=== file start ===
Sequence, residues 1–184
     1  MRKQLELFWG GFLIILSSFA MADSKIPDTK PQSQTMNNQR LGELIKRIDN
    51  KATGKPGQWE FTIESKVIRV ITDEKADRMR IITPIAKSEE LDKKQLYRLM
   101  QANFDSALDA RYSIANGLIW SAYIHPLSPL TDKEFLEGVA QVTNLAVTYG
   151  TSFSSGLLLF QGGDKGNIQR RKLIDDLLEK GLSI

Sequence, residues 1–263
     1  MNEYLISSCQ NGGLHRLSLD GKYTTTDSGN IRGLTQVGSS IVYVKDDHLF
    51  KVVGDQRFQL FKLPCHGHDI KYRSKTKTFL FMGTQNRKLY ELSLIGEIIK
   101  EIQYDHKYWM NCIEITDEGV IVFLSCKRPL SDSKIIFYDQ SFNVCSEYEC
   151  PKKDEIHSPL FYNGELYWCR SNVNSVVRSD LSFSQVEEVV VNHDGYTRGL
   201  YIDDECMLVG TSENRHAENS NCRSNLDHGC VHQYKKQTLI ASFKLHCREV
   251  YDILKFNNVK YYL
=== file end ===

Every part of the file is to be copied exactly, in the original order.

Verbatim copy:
Sequence, residues 1–184
     1  MRKQLELFWG GFLIILSSFA MADSKIPDTK PQSQTMNNQR LGELIKRIDN
    51  KATGKPGQWE FTIESKVIRV ITDEKADRMR IITPIAKSEE LDKKQLYRLM
   101  QANFDSALDA RYSIANGLIW SAYIHPLSPL TDKEFLEGVA QVTNLAVTYG
   151  TSFSSGLLLF QGGDKGNIQR RKLIDDLLEK GLSI

Sequence, residues 1–263
     1  MNEYLISSCQ NGGLHRLSLD GKYTTTDSGN IRGLTQVGSS IVYVKDDHLF
    51  KVVGDQRFQL FKLPCHGHDI KYRSKTKTFL FMGTQNRKLY ELSLIGEIIK
   101  EIQYDHKYWM NCIEITDEGV IVFLSCKRPL SDSKIIFYDQ SFNVCSEYEC
   151  PKKDEIHSPL FYNGELYWCR SNVNSVVRSD LSFSQVEEVV VNHDGYTRGL
   201  YIDDECMLVG TSENRHAENS NCRSNLDHGC VHQYKKQTLI ASFKLHCREV
   251  YDILKFNNVK YYL